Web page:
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Percy Daniels died shortly after retiring from the Gary Public Transportation Corp. after 56 years
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Percy Daniels died shortly after retiring from the Gary Public Transportation Corp. after 56 years

The recently retired Percy Daniels, who worked 56 years for the Gary Public Transportation Corp. and is getting a bus named after him, died Jan. 31 at the age of 75.

Daniels worked for more than half a century in the maintenance department of the Gary Public Transportation Corp, mainly as the parts manager who was tasked with making sure its fleet of buses had the parts it needed to keep running.

"It is with great sadness for those who have not heard of the passing of our brother Percy Daniels. He has been a valued member of this team for more than 50 years and will be missed. One thing I always respected about Percy was his dedication," General Manager Jerome Parker said in a message to staff. "Please keep Percy's family in your thoughts and prayers as they go through these difficult times."

Daniels was a graduate of Roosevelt High School and a veteran of the U.S. Army. He also was an ordained minister.

He was a beloved figure at the Gary Public Transportation Corp., where he also was a union representative for the Amalgamated Transit Union. He started working for its predecessor company Gary Transit Inc. in the 1960s.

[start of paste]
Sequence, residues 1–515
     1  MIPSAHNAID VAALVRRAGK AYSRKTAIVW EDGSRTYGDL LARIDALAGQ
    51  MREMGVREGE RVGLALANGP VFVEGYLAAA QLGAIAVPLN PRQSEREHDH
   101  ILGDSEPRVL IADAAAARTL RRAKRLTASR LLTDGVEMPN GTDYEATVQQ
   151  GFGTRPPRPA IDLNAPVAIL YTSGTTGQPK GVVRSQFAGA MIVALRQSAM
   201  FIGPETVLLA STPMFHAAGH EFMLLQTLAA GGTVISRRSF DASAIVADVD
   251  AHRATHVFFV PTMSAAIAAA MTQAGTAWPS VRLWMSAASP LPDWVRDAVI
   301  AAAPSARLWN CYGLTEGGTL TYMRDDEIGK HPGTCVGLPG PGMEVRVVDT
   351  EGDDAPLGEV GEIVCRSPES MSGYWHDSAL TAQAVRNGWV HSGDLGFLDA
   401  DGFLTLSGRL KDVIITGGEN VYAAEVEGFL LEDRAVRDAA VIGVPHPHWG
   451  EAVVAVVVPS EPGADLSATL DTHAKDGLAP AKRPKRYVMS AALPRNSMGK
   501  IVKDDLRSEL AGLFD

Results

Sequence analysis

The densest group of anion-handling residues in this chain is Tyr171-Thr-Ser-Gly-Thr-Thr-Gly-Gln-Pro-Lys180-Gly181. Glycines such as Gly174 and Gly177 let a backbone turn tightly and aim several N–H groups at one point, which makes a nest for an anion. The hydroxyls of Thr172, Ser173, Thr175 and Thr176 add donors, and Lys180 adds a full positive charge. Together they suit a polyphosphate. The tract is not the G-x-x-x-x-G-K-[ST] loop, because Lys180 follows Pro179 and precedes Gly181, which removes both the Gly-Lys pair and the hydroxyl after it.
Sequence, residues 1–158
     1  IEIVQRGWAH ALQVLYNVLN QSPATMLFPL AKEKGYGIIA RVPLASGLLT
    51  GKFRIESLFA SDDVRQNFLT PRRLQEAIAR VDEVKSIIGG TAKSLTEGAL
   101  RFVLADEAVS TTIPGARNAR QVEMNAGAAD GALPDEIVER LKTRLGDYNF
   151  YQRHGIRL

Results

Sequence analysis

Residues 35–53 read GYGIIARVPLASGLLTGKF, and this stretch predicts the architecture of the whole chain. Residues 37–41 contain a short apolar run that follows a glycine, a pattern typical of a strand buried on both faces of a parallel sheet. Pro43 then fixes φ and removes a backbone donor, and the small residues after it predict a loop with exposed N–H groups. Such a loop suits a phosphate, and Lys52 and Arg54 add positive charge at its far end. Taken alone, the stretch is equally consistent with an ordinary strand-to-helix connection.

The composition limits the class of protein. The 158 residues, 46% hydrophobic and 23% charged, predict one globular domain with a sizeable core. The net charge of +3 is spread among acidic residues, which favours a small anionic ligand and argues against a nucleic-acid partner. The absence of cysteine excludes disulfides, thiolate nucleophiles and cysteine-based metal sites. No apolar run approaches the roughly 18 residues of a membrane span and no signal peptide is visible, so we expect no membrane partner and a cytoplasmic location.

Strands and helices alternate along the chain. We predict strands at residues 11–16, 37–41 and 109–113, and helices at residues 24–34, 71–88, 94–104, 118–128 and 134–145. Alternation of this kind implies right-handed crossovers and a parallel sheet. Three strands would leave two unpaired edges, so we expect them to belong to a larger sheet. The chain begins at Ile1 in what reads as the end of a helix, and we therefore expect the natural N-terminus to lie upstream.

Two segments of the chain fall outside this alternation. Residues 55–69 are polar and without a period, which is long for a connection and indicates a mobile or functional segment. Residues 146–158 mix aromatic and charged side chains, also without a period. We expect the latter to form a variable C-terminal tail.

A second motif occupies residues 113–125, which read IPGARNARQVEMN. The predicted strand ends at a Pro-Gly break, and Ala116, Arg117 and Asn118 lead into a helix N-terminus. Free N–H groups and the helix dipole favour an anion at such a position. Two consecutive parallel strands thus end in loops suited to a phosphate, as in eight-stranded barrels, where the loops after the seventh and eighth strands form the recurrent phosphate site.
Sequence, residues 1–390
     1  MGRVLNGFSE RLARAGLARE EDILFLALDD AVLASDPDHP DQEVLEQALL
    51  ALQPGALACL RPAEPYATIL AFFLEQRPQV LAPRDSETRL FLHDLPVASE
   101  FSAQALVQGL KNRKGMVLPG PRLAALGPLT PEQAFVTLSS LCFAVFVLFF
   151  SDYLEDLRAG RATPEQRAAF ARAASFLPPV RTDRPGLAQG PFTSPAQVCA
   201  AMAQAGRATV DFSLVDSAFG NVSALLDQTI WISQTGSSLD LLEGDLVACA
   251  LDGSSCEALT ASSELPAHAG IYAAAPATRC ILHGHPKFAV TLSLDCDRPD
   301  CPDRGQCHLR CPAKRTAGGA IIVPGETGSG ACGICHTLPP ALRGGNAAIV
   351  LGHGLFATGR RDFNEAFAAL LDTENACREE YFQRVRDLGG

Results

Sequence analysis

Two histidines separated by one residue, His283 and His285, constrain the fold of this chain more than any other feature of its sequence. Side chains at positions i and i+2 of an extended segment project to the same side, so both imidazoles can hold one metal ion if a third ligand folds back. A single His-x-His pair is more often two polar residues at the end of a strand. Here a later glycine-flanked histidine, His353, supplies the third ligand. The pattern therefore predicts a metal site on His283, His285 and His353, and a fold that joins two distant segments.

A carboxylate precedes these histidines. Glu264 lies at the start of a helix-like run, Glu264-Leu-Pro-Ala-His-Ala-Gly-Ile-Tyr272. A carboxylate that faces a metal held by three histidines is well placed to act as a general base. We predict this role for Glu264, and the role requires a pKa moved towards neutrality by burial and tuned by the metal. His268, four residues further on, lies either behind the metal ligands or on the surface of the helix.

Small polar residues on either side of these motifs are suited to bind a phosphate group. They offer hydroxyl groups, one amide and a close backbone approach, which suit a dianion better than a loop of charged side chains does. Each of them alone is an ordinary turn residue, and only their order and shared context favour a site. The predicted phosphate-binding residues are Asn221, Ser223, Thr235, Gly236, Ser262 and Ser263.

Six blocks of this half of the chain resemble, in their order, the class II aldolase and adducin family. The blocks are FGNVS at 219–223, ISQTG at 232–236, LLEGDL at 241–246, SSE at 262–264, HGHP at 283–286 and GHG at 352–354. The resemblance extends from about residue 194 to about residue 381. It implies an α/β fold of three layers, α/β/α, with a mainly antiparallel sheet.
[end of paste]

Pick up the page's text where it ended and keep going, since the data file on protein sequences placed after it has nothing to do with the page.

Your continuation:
Daniels was a longtime institution at the bus service that runs a dozen routes through the city of Gary, as well as Calumet Township, Crown Point, East Chicago, Griffith, Hammond, Highland, Hobart, Merrillville and Munster.

Colleagues remembered him as a warm, outgoing person who loved his work.

"In remembrance and respect to Percy, I asked of you all to enjoy life to the fullest," Parker said. "Let your family and true friends know how much you love and appreciate them, and never get content. I heard a quote that said, 'you can be on the right road but passed if you are standing still.' Keep moving so you can enjoy life and get all you are entitled to."

Region restaurants that closed in 2020

Region restaurants that closed in 2020

2020 has been a hard year for restaurants in the Region with the coronavirus pandemic and the lockdowns and restrictions that followed. Here's a look at the restaurants, brewpubs and chain eateries Northwest Indiana lost in one of the toughest years in recent memory:

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Business Reporter

Joseph S. Pete is a Lisagor Award-winning business reporter who covers steel, industry, unions, the ports, retail, banking and more. The Indiana University grad has been with The Times since 2013 and blogs about craft beer, culture and the military.

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